Clayton Christensen on the Dire State of American Innovation
Clayton M. Christensen is a professor of business administration at the Harvard Business School. He is the bestselling author of five books, including his seminal work, The Innovator's Dilemma, which received the Global Business Book Award for the best business book of the year, and most recently, The Innovator's Prescription, which examines how to fix our healthcare system. Christensen serves on several public and privately traded boards and is the founder of a successful consulting company and an investment management firm. He holds a B.A. with highest honors in economics from Brigham Young University and an M.Phil. in applied econometrics and the economics of less-developed countries from Oxford University, where he studied as a Rhodes Scholar; he received an MBA with high distinction from the Harvard Business School in 1979, graduating as a George F. Baker Scholar, and was awarded his DBA from the Harvard Business School in 1992.
Question: Is America still a global innovation leader?Christensen: You know, I have a deep concern about the state of technological innovation in American industry. We’ve written this book on healthcare that you’ve asked some great questions about, but in parallel, we wrote another book called “Disrupting Class,” examining our public schools through the lenses of our research on innovation. And we came up with a couple of counterintuitive insights. One is the prosperity is an enemy of technical education. So I know well most of the founders of Silicon Valley, a good number of them are immigrants, most of them came from working class or poor backgrounds studied Math, Science and Engineering and become very prosperous people. And I know most of them well enough that I know their children or I know of their children, almost none of their children studied Math, Science and Engineering. They studied things like Greek Philosophy or Oriental Mythology. And one of our insights is that we do such a crummy job teaching Math, Science and Engineering in a way that it’s intrinsically motivating to students. We teach it in a way that it’s boring and demotivating. Poverty is an intrinsic motivator that causes people to put up with the horrific way we teach that stuff, because if you become a good technologist, technologist is a ticket to the middle class or beyond. But once your prosperity has been assured, why bother? And so, when Japan was disrupting America in the ‘70s and ‘80s, they came in at the bottom of the market and then moved up. Toyota, Canon, Sony, Mitsui, all of them came into the bottom of their markets and moved up and were disrupting the American manufacturing companies. A lot of times people attributed Japan’s miracle to the fact that they had four times as many engineers studying in their colleges as we had engineering students in our colleges and they only have 40% of our population. But now that Japan’s economy has become very prosperous, the portion of their students that are studying Math, Science and Engineering is declining very rapidly. And then as Korea, Taiwan and Singapore disrupted Japan, they’ve become very prosperous. Now, the portion of their students that are studying technical subjects has fallen off the cliff. In Hong Kong, they can’t even fill their Engineering schools. And so the locust of Engineering has shifted to China and India where poverty is still an extrinsic motivator. So, if we cannot learn to teach those topics in a way that is intrinsically motivating and we don’t have poverty, then we just lose our technical edge. So, 30 years ago when I’d walked up and down the corridors in Silicon Valley, if you look at the names on the cubicles, they were largely American names. When you walk up and down the cubicles today, there are very few American names. They’re Chinese, Indian or Israeli. So, America has kept its technical edge, not because the Americans are great technologist, but we’ve been a magnet for the best technologists in the world and that’s how we’ve stayed ahead. But now, we’ve got this crazy immigration laws that are taking the world’s best technologists and saying we’re going to make it as hard as we can for you to come across our border. That coupled with the fact that China and India are disrupting America, they may have to come to America now to get a great job. And so I really worry about the future of technological innovation in the United States because of our prosperity, the inability of our schools to make these subjects intrinsically interesting, the immigration law and the disruption of America by China and India, I really worry.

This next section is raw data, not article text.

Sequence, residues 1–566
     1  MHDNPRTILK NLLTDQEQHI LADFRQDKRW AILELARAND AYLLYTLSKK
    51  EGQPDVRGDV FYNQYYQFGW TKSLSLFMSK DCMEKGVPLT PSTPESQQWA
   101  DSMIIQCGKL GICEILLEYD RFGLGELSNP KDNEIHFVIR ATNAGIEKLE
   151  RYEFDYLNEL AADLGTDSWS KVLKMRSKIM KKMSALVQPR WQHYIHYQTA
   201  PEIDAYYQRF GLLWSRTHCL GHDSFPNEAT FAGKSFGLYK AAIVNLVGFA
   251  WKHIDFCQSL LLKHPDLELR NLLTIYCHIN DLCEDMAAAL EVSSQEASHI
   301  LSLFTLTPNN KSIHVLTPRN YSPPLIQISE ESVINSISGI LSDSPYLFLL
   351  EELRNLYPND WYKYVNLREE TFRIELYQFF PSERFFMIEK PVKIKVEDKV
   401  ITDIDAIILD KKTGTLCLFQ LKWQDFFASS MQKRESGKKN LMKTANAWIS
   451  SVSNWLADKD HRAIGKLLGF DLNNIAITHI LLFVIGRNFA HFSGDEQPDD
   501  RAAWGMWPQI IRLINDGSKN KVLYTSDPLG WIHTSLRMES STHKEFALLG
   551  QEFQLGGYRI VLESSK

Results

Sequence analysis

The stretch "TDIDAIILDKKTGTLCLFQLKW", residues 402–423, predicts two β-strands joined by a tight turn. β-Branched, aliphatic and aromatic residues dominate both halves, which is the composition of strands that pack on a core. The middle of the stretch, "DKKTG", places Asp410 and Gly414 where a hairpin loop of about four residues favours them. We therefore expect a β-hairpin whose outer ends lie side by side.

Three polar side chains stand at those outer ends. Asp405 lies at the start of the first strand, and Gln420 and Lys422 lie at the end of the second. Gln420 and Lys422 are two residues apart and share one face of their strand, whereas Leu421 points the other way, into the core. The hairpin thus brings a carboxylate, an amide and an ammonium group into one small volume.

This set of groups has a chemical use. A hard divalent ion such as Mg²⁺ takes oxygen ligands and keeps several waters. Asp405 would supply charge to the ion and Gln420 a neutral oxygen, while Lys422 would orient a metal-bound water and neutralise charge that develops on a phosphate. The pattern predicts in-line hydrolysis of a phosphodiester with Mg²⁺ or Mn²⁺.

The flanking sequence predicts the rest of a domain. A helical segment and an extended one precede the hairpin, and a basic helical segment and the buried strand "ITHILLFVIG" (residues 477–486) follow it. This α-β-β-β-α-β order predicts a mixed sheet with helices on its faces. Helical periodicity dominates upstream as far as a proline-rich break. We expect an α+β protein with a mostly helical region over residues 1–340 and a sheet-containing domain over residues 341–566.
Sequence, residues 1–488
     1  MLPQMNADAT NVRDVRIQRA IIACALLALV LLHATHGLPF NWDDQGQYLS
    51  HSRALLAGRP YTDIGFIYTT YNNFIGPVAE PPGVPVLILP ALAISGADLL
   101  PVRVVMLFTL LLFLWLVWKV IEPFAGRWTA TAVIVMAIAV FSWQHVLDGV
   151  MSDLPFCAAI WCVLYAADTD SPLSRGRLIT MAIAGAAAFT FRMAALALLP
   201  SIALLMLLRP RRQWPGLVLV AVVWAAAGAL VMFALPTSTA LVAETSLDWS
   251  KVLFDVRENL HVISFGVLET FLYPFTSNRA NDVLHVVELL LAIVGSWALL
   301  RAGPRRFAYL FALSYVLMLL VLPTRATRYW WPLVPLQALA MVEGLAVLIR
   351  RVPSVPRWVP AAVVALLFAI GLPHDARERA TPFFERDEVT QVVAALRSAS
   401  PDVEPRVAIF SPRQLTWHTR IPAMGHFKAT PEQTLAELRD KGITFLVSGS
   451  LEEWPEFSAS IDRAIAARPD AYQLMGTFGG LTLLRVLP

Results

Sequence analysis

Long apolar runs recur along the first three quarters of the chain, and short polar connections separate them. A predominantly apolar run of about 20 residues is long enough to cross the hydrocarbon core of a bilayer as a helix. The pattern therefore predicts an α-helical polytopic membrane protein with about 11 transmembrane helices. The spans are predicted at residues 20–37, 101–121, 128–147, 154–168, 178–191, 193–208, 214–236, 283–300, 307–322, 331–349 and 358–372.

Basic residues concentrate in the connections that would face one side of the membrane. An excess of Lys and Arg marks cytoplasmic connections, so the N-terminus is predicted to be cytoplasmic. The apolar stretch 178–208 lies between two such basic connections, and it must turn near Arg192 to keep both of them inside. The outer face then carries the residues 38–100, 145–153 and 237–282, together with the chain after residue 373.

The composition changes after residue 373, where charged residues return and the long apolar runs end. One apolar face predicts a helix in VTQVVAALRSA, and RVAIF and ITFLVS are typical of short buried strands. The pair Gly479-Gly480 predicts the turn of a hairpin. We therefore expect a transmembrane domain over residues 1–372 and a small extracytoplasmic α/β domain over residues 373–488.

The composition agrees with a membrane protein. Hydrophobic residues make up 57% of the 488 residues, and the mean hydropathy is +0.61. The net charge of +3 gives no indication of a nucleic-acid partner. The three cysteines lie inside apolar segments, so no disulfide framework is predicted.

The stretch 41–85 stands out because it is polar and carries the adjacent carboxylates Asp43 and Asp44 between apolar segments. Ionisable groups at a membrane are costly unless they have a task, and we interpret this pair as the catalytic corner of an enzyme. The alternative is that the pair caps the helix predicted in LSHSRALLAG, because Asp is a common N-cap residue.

Harvard Business School professor Clay Christensen explains.
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